Response to “A Report from Occupied Territory” by James Baldwin.

James Baldwin, “A Report from Occupied Territory” tells the story of the Harlem Six and two older men who were brutalized under the New York Police Department. Unfortunately, this is not the first case of brutality towards Blacks and other minorities, and it certainly will not be the last.

Through years of brutalization from their white counterparts, Blacks were able to learn from past tragedies in order to help them maneuver safely in the future. Some examples of this cultural information are the belief that the police are “the hired enemies of (Blacks and minorities) and they are hired to keep Blacks in place and protect white business interests”. This belief still stands in the Black community because of decades of mistreatment police forces are displaying towards Blacks. Consequently, minorities learned that it is always best to keep someone around them because of the brutality. Another example of cultural information Baldwin includes in his writing was when he was explaining the purpose of police forces in the country. Baldwin argues that the police are not enforcing the laws that they embody daily, but instead are putting the laws and their interests above the heads of minorities. Baldwin argues that “respecting the law means surrendering his self-respect” and this fact is shared between many Blacks across the nation for hundreds of years.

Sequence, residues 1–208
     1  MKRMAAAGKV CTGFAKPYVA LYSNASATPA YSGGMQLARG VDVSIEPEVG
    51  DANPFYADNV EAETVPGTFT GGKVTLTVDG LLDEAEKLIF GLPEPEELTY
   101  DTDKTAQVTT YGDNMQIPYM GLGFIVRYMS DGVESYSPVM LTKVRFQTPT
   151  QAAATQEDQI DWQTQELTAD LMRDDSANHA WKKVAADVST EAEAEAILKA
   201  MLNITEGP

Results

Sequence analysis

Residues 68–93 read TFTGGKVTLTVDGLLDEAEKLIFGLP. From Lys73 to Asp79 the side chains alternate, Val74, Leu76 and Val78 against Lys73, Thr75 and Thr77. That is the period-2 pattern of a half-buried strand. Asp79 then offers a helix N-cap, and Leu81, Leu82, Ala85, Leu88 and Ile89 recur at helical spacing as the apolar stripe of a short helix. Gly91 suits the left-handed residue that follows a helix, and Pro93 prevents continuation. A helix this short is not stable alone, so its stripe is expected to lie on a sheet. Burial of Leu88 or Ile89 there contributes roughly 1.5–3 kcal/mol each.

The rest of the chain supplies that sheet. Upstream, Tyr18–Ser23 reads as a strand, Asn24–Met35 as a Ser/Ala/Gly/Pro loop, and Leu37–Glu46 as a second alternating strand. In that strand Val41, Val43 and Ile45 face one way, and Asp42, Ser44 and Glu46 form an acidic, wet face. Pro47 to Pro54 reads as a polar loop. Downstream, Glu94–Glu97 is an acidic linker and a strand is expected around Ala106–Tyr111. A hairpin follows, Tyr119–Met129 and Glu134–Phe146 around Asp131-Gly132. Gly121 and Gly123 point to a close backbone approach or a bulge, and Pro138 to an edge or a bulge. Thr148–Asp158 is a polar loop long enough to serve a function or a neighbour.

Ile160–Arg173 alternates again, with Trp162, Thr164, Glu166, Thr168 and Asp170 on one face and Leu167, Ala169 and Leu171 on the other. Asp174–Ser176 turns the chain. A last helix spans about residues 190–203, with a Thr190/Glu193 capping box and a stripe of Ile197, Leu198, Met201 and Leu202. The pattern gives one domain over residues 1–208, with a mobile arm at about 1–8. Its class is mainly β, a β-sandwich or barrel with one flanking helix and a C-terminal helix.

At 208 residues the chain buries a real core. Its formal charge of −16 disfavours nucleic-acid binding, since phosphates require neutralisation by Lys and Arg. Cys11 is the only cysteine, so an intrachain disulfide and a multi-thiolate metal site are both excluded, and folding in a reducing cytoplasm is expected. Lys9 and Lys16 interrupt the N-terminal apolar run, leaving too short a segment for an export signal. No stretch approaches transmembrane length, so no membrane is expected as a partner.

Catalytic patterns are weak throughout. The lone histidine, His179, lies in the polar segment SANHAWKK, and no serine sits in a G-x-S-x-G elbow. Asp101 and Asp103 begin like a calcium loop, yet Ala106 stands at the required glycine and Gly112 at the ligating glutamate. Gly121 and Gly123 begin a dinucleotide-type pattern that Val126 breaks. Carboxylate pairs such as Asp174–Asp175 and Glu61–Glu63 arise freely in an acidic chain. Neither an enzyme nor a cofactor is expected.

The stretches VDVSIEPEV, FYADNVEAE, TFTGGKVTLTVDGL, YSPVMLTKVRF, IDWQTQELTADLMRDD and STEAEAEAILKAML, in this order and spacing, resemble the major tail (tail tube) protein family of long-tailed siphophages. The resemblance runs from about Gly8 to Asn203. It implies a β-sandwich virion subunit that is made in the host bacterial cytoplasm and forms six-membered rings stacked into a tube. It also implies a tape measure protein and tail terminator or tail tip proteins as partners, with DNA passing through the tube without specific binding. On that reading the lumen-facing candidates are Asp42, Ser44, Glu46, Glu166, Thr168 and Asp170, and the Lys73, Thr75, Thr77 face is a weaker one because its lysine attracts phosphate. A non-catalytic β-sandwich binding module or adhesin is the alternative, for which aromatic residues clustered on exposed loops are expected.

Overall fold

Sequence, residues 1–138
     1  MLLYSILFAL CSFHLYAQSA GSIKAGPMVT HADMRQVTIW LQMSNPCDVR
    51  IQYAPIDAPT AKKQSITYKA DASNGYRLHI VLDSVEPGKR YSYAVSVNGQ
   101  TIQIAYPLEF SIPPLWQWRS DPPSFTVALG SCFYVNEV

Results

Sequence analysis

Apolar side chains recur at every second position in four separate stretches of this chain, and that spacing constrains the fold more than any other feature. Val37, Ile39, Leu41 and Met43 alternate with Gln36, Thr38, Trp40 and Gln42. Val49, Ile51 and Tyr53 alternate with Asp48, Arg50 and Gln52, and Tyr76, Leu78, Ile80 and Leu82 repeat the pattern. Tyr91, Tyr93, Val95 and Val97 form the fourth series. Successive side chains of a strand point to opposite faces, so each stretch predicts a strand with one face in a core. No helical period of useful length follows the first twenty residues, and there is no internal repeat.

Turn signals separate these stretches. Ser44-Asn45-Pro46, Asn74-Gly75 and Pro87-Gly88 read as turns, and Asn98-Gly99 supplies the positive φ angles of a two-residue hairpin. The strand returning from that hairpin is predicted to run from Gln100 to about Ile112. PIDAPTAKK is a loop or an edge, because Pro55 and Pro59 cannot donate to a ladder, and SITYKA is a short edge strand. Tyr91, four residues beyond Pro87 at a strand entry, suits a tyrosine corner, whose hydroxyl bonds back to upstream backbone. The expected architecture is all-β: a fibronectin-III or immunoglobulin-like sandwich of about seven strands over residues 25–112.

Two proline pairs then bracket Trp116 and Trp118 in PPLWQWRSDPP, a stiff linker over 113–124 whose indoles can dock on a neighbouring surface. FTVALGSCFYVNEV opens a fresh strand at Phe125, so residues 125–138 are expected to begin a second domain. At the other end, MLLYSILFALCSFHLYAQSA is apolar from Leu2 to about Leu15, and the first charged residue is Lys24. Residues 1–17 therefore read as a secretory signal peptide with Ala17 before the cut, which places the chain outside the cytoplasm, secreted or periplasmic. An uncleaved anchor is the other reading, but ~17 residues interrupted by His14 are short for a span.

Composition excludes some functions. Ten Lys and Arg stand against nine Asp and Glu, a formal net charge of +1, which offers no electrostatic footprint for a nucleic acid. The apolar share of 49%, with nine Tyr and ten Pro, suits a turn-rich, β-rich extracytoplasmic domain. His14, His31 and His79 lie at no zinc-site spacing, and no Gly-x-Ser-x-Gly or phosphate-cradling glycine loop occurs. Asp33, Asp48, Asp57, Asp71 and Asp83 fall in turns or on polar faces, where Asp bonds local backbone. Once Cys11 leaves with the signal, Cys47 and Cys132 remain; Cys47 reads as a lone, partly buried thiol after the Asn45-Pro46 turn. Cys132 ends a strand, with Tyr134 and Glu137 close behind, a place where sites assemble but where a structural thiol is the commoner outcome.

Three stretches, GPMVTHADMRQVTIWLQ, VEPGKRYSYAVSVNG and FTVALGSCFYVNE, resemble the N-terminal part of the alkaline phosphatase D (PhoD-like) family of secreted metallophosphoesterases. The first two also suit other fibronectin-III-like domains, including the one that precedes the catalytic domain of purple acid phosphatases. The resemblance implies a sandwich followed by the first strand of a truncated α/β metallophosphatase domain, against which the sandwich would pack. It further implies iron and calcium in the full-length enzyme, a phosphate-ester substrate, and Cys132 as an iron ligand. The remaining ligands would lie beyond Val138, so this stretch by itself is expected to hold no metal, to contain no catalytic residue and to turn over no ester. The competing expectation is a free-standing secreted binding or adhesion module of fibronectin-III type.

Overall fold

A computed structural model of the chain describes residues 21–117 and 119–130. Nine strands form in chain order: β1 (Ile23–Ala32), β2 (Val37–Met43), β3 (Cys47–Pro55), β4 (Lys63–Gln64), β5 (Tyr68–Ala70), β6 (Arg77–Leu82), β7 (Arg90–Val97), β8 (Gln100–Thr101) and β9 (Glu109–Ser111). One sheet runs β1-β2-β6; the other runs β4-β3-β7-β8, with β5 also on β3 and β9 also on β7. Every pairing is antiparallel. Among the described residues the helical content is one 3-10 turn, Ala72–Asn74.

There are many questions a fieldworker may ask to further discover the African American culture discovered in the article. One example can be: What is the history between police force in the U.S. and minorities and does that history justify the reason in implementing frisking laws that target minorities disproportionately? A fieldworker can also ask about the living situations of Blacks in Harlem. Why are they only getting menial jobs, and why are some so discouraged that they prefer being in the street?  

Additionally, a field worker can investigate many sources to penetrate the insider perspective. For instance, a fieldworker can interview many people who were close to the Harlem six and the two older men, for instance, family, teachers and pastors. A fieldworker can also interview many community organizations like the NAACP and the YMCA for their takes on NYPD’s policing strategies and their use of excessive force. Lastly, fieldworkers can also interview Blacks who tried to get a higher education and saw no results in terms of success; how has that impacted their lives?  

Comment ( 1 )

  1. Elena Bertolotti
    I really liked the question you posed if "blacks were to get higher education and saw no results in terms of success how has that impacted their lives? Its really interesting because the system itself was designed for African Americans to fail due to racism engrained in the society.

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